Tambora was once a tall and graceful mountain, as high as Hawaii's great volcanoes, with a shape as classic as Fujiyama's. Then, in a series of great eruptions 200 years ago this week, it lost more than one-third of its height and covered a wide swath of today's Indonesia in choking, toxic ash. It was the most powerful eruption of the last 1000 years, as far as we can tell—our knowledge is far from complete.
At the time, no one in the world was called a scientist. Electricity was a laboratory curiosity. The steam engine was bleeding-edge technology. Indonesia did not have a volcano agency, and it took months before ships brought word from the colonial Dutch East Indies to the rest of the world.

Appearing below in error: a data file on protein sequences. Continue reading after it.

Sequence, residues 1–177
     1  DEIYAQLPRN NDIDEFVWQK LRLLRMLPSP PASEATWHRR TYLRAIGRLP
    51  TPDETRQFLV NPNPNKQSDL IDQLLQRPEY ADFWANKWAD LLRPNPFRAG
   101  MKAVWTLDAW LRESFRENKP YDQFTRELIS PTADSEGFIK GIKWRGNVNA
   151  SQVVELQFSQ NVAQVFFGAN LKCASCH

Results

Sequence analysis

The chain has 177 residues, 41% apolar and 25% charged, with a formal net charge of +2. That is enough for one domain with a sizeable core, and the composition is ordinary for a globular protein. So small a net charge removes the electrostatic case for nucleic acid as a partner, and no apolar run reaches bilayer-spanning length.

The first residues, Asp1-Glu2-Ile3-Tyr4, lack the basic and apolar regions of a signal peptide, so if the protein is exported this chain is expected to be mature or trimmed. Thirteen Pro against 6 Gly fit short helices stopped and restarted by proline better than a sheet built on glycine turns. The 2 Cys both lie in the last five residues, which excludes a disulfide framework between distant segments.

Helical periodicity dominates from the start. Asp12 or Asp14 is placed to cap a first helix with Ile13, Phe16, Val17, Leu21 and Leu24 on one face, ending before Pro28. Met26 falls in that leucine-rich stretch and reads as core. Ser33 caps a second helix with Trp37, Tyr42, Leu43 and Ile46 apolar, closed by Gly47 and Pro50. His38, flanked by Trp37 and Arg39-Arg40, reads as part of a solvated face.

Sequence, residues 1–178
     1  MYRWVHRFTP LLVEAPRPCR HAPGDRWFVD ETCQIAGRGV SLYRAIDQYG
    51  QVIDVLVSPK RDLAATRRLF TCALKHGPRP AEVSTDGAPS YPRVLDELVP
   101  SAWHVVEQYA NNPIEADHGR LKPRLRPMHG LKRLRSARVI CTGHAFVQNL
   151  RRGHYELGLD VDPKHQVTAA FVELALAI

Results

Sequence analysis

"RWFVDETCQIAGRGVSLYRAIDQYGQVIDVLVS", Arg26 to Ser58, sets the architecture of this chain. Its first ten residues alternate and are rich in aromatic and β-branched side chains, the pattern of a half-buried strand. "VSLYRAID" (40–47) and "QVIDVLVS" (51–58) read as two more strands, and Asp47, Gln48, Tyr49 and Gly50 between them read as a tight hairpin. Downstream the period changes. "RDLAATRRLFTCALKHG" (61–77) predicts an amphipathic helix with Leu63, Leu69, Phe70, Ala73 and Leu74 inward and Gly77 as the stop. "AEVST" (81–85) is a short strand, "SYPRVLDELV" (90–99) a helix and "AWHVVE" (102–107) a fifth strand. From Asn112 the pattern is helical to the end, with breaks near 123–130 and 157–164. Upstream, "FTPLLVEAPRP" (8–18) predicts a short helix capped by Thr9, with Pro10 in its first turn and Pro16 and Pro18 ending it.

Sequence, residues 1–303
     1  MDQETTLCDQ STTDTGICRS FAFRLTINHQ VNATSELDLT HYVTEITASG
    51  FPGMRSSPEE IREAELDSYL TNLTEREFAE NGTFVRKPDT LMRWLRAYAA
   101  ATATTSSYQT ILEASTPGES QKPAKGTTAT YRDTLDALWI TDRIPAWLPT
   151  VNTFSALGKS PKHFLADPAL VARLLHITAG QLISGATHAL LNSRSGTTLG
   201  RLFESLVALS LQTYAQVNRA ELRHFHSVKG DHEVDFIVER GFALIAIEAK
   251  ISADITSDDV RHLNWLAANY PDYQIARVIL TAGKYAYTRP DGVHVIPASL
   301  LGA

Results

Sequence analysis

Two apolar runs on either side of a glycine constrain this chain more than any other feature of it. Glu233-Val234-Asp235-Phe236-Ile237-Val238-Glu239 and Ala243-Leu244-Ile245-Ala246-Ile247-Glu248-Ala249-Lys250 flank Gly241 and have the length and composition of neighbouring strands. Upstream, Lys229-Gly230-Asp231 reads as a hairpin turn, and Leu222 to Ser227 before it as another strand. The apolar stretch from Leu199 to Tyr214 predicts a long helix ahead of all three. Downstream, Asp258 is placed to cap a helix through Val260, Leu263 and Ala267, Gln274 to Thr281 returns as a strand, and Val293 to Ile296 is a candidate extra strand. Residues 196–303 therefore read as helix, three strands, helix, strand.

The news that emerged was apocalyptic. The eruption's roar was heard a thousand miles away. The sun was entirely blotted out for days within about 400 miles of the volcano. Acid rain and layers of fine ash killed the crops, causing widespread famine and disease. Tens of thousands of people were sickened by caustic ash and sulfuric gases. Great sea waves had flooded harbors and coastlines across the East Indies.
Fine ash particles and clouds of sulfuric acid droplets were injected nearly 30 miles up into the stratosphere and carried around the world. The summer of 1815 was marked by persistent red skies and cold days in Europe, North America and China. The weather was even worse in 1816, recorded by history as the year without a summer. Famine in Europe continued for several years more. The decade of the 1810s, as a result, is the coldest on record.
Volcanologists rank Tambora's eruption as a category 7 in their Volcanic Eruptivity Index scale. It's the only clear-cut example on the books—so far.